“What’s the Fourth of July?” my four-year-old asked me a couple summers ago. She struggled to remember why this particular holiday was distinct.
Her older sister quickly piped in, “It’s the day we have fireworks!”
Fun festivities such as firework displays, three-legged races, and eating watermelon are great, family-friendly ways to celebrate Independence Day. As parents, these activities provide a wonderful opportunity for us to step away from our daily responsibilities to spend dedicated quality time with our kids.
Yet, it’s also important that we as parents don’t stop here. It’s our job to also teach our kids why we celebrate July Fourth. We need to take the time to tell them – both young and old – about the bravery, sacrifice, and Christian principles that are at the heart of Independence Day.
This Fourth of July, inspire patriotism in your kids with these activities.
Engage in good stories.
If your kids are anything like mine, they love a good story. As Independence Day approaches, introduce your kids to compelling, edge-of-your-seat narratives that focus on why and how our country was founded. These can take the form of books, television shows, audio dramas, or even music, depending on the age of your kids.
Elementary-aged kids may enjoy:
- The animated series Liberty’s Kids. This 40-episode show focuses on the American Revolution. It’s not written specifically from a Christian worldview, so you’ll want to watch with your kids and discuss as you go.
Both elementary-aged and tweens may like:
- The Adventures in Odyssey’s audio drama album “For God and Country” from Focus on the Family. Some of the episodes focus on George Washington, Paul Revere, the Revolutionary War, and how the National Anthem was written.
- The “Heroes of History”book series. This series includes books on Benjamin Franklin, George Washington, Johns Adams, and William Penn.
Tweens and teens may love:
- Kirk Cameron’s film “Monumental“, This fascinating documentary follows Cameron as he journeys to discover and learn about the places, people, and principles that shaped America.
- The American History DVD series from Drive Thru History. Host Dave Stotts is funny and entertaining as he visits important historical locations related to the founding of our country.
- The Broadway musical cast recording of “Hamilton” (with parental guidance). This also isn’t written from a Christian worldview and there are sections of this theatrical album that are explicit, so you’ll need to determine whether you think it is appropriate for your kids and your family. It does fantastic job of helping older kids understand that our country was founded by fallible men who were willing to risk their lives and their comforts in the name of independence. It reminds teens that any of us can make a difference.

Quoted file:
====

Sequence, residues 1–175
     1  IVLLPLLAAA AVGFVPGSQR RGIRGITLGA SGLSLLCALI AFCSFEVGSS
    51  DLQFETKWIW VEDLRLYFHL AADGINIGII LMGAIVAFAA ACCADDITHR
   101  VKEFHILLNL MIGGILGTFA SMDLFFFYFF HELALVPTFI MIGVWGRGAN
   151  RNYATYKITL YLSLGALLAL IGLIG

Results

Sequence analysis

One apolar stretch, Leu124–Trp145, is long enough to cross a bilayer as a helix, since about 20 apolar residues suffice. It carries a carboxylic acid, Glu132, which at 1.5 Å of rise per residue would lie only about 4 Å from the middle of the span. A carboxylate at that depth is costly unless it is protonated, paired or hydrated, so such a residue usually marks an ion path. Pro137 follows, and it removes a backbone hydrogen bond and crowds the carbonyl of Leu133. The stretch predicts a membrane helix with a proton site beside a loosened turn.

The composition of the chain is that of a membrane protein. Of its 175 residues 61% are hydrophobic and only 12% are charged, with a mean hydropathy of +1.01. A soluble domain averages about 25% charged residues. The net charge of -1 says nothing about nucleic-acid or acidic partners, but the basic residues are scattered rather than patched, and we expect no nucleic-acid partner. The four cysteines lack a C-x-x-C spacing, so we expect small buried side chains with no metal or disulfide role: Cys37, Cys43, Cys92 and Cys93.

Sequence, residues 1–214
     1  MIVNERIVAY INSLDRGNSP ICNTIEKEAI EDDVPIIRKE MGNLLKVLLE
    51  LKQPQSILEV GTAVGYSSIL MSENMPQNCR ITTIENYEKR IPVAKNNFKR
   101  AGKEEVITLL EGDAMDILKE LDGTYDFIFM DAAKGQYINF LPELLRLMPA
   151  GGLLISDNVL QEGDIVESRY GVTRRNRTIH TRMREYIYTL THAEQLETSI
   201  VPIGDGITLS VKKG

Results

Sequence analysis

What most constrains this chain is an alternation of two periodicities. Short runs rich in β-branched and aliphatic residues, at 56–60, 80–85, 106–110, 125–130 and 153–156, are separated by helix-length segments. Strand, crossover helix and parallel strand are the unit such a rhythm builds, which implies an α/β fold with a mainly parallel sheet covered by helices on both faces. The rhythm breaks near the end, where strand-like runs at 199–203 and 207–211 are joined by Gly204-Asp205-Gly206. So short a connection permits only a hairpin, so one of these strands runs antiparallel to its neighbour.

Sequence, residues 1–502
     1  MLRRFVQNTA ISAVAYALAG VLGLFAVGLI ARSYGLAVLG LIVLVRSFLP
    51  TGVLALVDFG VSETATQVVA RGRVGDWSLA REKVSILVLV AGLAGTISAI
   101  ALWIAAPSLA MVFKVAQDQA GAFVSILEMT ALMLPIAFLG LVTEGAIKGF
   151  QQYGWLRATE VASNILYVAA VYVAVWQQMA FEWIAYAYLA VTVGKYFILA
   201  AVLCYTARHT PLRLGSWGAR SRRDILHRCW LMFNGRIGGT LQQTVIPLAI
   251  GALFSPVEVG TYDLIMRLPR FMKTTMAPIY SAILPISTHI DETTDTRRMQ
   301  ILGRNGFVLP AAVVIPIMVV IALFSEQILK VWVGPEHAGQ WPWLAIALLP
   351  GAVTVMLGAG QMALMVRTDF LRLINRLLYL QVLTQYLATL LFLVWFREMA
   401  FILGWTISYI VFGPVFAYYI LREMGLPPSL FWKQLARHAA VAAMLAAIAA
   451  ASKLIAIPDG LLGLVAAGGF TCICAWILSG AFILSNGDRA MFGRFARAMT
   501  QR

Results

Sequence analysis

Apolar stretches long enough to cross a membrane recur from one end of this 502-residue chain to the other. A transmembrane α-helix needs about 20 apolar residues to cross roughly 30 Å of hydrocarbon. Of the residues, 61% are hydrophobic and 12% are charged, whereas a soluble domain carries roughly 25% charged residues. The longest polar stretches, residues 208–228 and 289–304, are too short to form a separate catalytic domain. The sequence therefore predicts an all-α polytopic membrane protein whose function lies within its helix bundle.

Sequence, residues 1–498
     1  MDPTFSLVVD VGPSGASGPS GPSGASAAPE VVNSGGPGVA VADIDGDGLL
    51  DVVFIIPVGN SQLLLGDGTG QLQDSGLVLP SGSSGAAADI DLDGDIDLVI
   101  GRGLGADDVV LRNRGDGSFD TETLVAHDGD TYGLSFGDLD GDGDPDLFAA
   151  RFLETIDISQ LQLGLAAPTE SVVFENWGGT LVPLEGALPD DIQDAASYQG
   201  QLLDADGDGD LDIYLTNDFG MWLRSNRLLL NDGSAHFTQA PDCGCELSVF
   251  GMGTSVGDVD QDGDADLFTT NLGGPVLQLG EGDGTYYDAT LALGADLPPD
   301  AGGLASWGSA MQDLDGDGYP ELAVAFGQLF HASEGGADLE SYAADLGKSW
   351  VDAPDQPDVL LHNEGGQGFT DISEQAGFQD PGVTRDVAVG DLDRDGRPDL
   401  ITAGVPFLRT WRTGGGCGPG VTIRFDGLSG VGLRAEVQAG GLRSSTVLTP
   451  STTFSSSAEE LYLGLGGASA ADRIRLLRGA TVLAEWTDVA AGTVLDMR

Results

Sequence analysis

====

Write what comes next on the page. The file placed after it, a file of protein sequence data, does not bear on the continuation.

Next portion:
Visit a national cemetery.
We have a national cemetery located about 25 minutes from our house. In past years, we’ve visited it exclusively on Memorial Day. The Fourth of July, though, is another ideal date to stop there as a family. If you live close to one, add it to your holiday’s activities.
Visiting a national cemetery on our country’s independence day reminds your kids that the fight for freedom isn’t confined to the American Revolution and our founding fathers. Seeing the names of those who’ve fought for generations since is a profound way to teach them the continued price of liberty.
As you respectfully explore the cemetery, chat with your kids about the freedoms they currently enjoy. Talk about how these brave men and women have helped preserve these liberties by sacrificing their lives.
Throw a birthday party.
Most kids love birthday parties. On the Fourth of July, transform your family or neighborhood cookout into a celebration of our country turning another year older. Here are a few ideas:
- Buy American-themed budget-friendly decorations and party favors at your local dollar store. Use it as an opportunity to discuss the meaning of the stars and stripes and the ideals that went into founding our country.
- Help your kids make patriotic cupcakes or a cake. If you have older kids, put them in charge of the baking process.
- Buy a long roll of paper and encourage your family and guests to make a “longest birthday banner” ever. On it, write “Happy Birthday, America!” and draw pictures of the events and people that were instrumental in our country’s birth.
- Plan a few American-inspired games. Reader’s Digest offers a list of twenty, which includes a patriotic scavenger hunt, an Independence Day costume contest, and an American History competition.
This Fourth of July, help your kids view the holiday with new eyes by teaching them the why and how behind the day. With a little bit of planned effort, you can inspire a patriotic spirit in them!